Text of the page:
I tasted this recipe, the very first time, in a four-star hotel, around 20 years ago, where I stayed with my family for 2 and half months. It was a long time ago, isn’t it? I was staying in the hotel after getting transferred from a town to a city, I couldn't get accommodation in teacher's houses available in my school. The head chef of that hotel was very nice, I met him personally and informed him that all four members of my family are vegetarian. He really made our stay enjoyable with his lovely and tasty vegetarian dishes, which were made by him personally every day. Some of the days he really surprised us by serving some tasty Indian vegetarian dishes as well.

This recipe is not only my favourite recipe but the whole family likes it, even my grandchildren. Spinach is one of the vegetables which they really enjoy, so I try to use spinach in different curries, salads and lentils as well so that they get the health benefit of this green vegetable. This is a simple recipe, which can be enjoyed with rice, naan, Indian flat bread or even with dinner bun.

  • 1 kg fresh baby spinach (frozen can be used in this recipe)
  • 500 ml fresh/whipping cream
  • 1 big onion (200 grams)
  • 3-4 cloves of garlic
  • A small piece of ginger
  • 2 green chili (optional)
  • 1 tsp cumin seeds
  • 1 tbs coriander powder
  • salt and chili flakes to taste
  • 2 tbs oil
  • 2 tbs tomato puree


  • Chop and wash the spinach thoroughly.
  • Grate or finely chop the onion, ginger, garlic and green chili.
  • Heat oil in a pan, add the cumin seeds, once changing the colour add the ginger, garlic, onion and green chili and saute till onions are brown.
  • Add spinach and salt, chili and coriander powder and cook for 8-10 minutes till spinach is cooked and the extra water evaporates.
  • Add cream and let it boil for 2-3 more minutes, then add the tomato puree, mix well and switch off the stove/gas.
  • Serve hot with rice, naan, roti or dinner bun.

Wednesday, 28 February 2018



In 2016, when I went to Delhi, India, I stayed longer than usual, for about 9 months due to many reasons, and also because now I am retired and I can stay longer when travelling. During my working career, while I was in Africa. I used to go to India only for 4-5 weeks in December holidays, which is the winter season in Delhi. I had no experience of staying in the hot summer of Delhi for many years. So in 2016, I found it very difficult to cope with the hot days and humid nights. But there was no choice, I had stayed on and experienced a very hot summer for six months, short rainy season and mild winter which was also short for two months only.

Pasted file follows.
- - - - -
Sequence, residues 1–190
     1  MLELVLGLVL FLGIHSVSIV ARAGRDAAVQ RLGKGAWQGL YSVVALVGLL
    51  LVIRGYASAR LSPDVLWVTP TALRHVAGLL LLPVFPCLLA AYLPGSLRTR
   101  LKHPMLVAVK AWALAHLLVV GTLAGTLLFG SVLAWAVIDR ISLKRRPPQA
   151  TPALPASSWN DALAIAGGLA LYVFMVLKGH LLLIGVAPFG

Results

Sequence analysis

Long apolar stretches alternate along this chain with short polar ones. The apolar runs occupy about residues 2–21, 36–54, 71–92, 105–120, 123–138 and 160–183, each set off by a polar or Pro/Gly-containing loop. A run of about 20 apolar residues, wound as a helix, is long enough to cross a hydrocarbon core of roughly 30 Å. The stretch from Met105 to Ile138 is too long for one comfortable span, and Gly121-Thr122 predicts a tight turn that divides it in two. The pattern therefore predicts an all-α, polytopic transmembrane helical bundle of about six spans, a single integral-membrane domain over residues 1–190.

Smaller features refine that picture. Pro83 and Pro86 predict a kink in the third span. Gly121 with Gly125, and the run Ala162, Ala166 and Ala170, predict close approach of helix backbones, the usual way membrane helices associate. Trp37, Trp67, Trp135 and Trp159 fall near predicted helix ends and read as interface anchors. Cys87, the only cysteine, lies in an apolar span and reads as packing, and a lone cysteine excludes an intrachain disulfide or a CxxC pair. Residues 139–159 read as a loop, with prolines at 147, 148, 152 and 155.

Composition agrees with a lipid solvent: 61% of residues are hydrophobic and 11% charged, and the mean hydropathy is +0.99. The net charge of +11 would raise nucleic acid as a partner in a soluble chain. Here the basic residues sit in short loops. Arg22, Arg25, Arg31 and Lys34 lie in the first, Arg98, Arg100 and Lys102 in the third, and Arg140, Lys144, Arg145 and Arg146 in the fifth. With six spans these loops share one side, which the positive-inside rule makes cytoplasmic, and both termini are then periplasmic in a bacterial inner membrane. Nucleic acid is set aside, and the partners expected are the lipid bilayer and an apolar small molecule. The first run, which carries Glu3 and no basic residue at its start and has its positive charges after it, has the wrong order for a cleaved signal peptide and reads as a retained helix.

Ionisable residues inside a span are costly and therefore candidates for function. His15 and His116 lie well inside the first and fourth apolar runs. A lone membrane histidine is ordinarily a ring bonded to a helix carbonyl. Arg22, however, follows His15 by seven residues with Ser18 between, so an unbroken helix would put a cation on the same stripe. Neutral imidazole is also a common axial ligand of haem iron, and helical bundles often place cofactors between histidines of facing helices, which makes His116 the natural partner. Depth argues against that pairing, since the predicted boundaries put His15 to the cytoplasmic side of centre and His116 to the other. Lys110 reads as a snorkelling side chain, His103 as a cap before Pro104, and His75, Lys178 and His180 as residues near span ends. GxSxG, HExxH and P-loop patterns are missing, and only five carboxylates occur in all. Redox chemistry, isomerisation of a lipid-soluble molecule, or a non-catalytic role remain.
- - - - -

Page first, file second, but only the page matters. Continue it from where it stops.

Here I would like to share a funny incidence – while I was in India, One day I was talking to my grandson on the phone; who lives in Canada. At that time he was in grade four, he told me that he read in his social studies course about seasons in India, and told me that there are four seasons in north India. He wanted to check my knowledge and asked me to name them. That time I was too frustrated with that long hot and humid weather that I replied, “Yes my dear, they are four – hot, humid, very hot and extremely hot.” He laughed a lot and asked, “Grandma, what's wrong with you”? Then I told him that I am really tired of this long hot and humid weather here in Delhi and I want to leave this place as early as possible.

In Delhi, winters are short, and mild which mainly last for 2-3 months. After that long summer, I really enjoyed winter season in Delhi. Apart from the nice weather, the other best thing about this winter was the colourful fresh organic vegetables which were available in that season: dark red carrots, cauliflowers, turnips, sweet potatoes, beets. And green peas were the main attraction for me. I really enjoyed the fresh green peas, which I got in plenty in that season and at a very reasonable price. I used them in many recipes and enjoyed them fully. In my long stay in three countries of Africa, i.e. Kenya, Botswana and South Africa, getting fresh green peas was a dream, which never came true. Fresh green peas were not at all available in Africa, and that is why I really missed them and was forced to use the frozen peas only. Even in Calgary, it is a luxury because it is available for a very short time, in Indian vegetable shops only and they are very expensive.

Being a foodie and a food blogger, I experimented a lot with this tiny, cute and green vegetable during my stay in Delhi and tried and tested some new recipes with it. Green peas recipes are not only tasty but healthy as well because peas are considered as the powerhouse of nutrients and have a lot of health benefits of eating green peas. Whenever I cook something with green peas my grandchildren will say, “Hey, today we are eating a powerhouse”, because I always force them to eat their vegetables and particularly the green ones like peas.